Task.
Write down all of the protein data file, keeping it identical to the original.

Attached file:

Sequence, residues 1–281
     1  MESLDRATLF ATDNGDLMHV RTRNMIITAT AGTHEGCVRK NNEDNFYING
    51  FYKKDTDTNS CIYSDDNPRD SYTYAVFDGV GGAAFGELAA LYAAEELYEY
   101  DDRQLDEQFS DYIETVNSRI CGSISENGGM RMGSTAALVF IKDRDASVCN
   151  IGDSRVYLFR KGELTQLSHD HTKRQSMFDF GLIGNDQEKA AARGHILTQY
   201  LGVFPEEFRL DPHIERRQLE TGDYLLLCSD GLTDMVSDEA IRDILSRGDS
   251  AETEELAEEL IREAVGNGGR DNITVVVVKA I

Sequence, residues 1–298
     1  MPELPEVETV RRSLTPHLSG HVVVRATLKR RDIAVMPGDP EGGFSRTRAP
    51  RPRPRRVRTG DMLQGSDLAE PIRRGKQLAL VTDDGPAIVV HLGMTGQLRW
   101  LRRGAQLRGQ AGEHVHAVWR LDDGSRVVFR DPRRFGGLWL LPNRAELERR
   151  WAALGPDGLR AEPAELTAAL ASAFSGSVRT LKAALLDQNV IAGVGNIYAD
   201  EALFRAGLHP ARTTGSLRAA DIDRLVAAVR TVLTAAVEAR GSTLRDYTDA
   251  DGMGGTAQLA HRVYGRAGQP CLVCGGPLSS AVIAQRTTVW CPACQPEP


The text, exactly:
Sequence, residues 1–281
     1  MESLDRATLF ATDNGDLMHV RTRNMIITAT AGTHEGCVRK NNEDNFYING
    51  FYKKDTDTNS CIYSDDNPRD SYTYAVFDGV GGAAFGELAA LYAAEELYEY
   101  DDRQLDEQFS DYIETVNSRI CGSISENGGM RMGSTAALVF IKDRDASVCN
   151  IGDSRVYLFR KGELTQLSHD HTKRQSMFDF GLIGNDQEKA AARGHILTQY
   201  LGVFPEEFRL DPHIERRQLE TGDYLLLCSD GLTDMVSDEA IRDILSRGDS
   251  AETEELAEEL IREAVGNGGR DNITVVVVKA I

Sequence, residues 1–298
     1  MPELPEVETV RRSLTPHLSG HVVVRATLKR RDIAVMPGDP EGGFSRTRAP
    51  RPRPRRVRTG DMLQGSDLAE PIRRGKQLAL VTDDGPAIVV HLGMTGQLRW
   101  LRRGAQLRGQ AGEHVHAVWR LDDGSRVVFR DPRRFGGLWL LPNRAELERR
   151  WAALGPDGLR AEPAELTAAL ASAFSGSVRT LKAALLDQNV IAGVGNIYAD
   201  EALFRAGLHP ARTTGSLRAA DIDRLVAAVR TVLTAAVEAR GSTLRDYTDA
   251  DGMGGTAQLA HRVYGRAGQP CLVCGGPLSS AVIAQRTTVW CPACQPEP